Consider equipment, fieldwork expenses, travel and a proposed budget, to indicate how realistic your research proposal is in terms of financial requirements and whether any adjustments are needed. Search by keyword, topic, location, or supervisor name. Our research covers the spectrum — from linguistics to nanoscience. Our breadth of expertise across our faculties and schools is supported by deep disciplinary knowledge. We have significant capability in more than 20 major areas of research.
High-impact research through state-of-the-art infrastructure. Home Study How to apply Postgraduate research How to write a research proposal. University home. Current students. Staff intranet. Type to search. All content. A guide to preparing a strong research proposal. Applying for a PhD or research master's degree and not sure where to start with your research proposal? Follow our guide. What is a research proposal?
What it shouldn't do is answer the question — that's what your research will do. Why is it important? Which means you need to provide details on how you will go about your research, including: your approach and methodology timeline and feasibility all other considerations needed to progress your research, such as resources.
How long should it be? What should it include? Project title. Your title should clearly indicate what your proposed research is about. Research supervisor. Proposed mode of research. Aims and objectives. Expected research contribution.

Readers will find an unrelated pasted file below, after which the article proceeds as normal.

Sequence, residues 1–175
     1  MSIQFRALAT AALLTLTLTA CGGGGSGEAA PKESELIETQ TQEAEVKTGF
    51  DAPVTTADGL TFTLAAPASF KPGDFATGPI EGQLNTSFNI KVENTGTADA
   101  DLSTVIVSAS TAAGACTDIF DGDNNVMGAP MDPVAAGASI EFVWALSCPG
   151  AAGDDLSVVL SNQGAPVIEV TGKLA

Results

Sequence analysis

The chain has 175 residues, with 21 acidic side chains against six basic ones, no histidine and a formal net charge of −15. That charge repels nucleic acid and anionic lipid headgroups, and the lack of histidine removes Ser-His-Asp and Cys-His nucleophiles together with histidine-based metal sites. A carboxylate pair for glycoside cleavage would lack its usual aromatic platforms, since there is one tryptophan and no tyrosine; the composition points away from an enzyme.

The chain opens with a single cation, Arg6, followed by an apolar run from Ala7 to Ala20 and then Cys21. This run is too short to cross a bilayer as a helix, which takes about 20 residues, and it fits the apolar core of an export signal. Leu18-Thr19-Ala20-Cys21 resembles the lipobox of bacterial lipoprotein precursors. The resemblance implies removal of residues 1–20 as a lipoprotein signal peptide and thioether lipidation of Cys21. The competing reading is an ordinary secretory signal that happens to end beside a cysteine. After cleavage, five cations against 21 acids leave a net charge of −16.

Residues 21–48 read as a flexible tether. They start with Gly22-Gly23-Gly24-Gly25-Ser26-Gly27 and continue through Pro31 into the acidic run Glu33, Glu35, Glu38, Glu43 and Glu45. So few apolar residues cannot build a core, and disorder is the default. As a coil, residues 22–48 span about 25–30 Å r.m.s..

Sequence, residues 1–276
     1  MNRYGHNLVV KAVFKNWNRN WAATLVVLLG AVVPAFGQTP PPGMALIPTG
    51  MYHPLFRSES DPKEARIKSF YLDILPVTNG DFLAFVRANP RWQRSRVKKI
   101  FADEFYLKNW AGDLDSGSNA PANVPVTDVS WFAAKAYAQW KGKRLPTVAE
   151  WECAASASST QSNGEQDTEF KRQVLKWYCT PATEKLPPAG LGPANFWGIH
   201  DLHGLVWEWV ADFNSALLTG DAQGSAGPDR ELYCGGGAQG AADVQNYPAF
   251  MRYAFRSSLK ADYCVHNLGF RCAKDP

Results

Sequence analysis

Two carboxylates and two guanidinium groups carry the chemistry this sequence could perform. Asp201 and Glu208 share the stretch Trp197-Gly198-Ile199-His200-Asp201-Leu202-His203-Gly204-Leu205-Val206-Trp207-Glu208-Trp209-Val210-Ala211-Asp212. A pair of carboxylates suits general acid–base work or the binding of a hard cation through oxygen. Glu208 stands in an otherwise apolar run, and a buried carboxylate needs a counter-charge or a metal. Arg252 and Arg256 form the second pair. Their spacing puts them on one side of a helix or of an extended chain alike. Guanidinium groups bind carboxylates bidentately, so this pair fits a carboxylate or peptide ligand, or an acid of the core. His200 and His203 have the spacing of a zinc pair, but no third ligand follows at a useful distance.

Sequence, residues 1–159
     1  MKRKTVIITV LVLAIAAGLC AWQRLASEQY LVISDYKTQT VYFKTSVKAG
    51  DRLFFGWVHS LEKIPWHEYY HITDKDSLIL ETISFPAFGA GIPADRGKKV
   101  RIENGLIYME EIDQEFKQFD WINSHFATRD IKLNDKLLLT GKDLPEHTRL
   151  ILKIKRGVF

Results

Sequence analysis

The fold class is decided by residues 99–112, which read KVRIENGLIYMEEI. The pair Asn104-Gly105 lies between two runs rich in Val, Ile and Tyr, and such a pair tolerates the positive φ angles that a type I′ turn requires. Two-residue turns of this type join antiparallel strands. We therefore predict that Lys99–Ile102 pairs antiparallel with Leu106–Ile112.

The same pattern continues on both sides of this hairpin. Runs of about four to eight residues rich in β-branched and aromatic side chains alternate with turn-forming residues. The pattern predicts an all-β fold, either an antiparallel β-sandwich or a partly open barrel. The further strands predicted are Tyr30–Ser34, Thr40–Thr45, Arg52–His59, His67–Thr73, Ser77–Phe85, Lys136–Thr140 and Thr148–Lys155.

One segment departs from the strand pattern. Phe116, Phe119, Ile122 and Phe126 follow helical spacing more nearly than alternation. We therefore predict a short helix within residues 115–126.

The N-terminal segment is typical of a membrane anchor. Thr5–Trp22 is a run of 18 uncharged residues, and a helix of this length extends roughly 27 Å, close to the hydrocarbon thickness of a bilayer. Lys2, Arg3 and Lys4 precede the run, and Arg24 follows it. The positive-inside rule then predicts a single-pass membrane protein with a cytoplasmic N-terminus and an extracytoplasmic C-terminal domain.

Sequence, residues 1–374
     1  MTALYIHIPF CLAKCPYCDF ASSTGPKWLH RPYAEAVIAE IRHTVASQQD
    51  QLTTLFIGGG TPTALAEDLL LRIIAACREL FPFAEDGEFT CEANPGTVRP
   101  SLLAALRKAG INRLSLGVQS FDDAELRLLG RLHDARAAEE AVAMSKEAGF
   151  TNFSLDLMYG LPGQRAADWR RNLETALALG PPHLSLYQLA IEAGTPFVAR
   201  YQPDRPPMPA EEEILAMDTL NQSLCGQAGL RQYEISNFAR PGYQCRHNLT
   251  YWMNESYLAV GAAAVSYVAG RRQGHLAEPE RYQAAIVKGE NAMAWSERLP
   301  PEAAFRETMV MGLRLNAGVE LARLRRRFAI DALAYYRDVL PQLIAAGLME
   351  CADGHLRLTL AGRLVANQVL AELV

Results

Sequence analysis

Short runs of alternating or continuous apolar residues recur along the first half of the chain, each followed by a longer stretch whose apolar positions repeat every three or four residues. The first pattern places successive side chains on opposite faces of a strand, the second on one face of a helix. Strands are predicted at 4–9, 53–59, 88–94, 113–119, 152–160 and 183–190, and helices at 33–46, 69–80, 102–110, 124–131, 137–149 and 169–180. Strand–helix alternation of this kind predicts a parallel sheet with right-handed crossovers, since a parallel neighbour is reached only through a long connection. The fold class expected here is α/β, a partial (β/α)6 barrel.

In this section, you should consider the following: Why is your research question or hypothesis worth asking? How is the current research lacking or falling short? What impact will your research have on the discipline? Will you be extending an area of knowledge, applying it to new contexts, solving a problem, testing a theory, or challenging an existing one? Establish why your research is important by convincing your audience there is a gap. What will be the outcome of your research contribution?
Demonstrate both your current level of knowledge and how the pursuit of your question or hypothesis will create a new understanding and generate new information. Show how your research is innovative and original. Proposed methodology. Work plan. Provide a list of references that you've made throughout your research proposal.
New HDR curriculum Find out more. Course search Find a research degree. Find a supervisor Search by keyword, topic, location, or supervisor name. Enter keywords. Beginning the Proposal Process. As with writing most college-level academic papers, research proposals are generally organized the same way throughout most social science disciplines. The text of proposals generally vary in length between ten and thirty-five pages, followed by the list of references.
However, before you begin, read the assignment carefully and, if anything seems unclear, ask your professor whether there are any specific requirements for organizing and writing the proposal. A good place to begin is to ask yourself a series of questions:. In general, a compelling research proposal should document your knowledge of the topic and demonstrate your enthusiasm for conducting the study. Most proposals should include the following sections:. In the real world of higher education, a research proposal is most often written by scholars seeking grant funding for a research project or it's the first step in getting approval to write a doctoral dissertation.
Even if this is just a course assignment, treat your introduction as the initial pitch of an idea or a thorough examination of the significance of a research problem. After reading the introduction, your readers should not only have an understanding of what you want to do, but they should also be able to gain a sense of your passion for the topic and to be excited about the study's possible outcomes. Note that most proposals do not include an abstract [summary] before the introduction. Think about your introduction as a narrative written in two to four paragraphs that succinctly answers the following four questions :.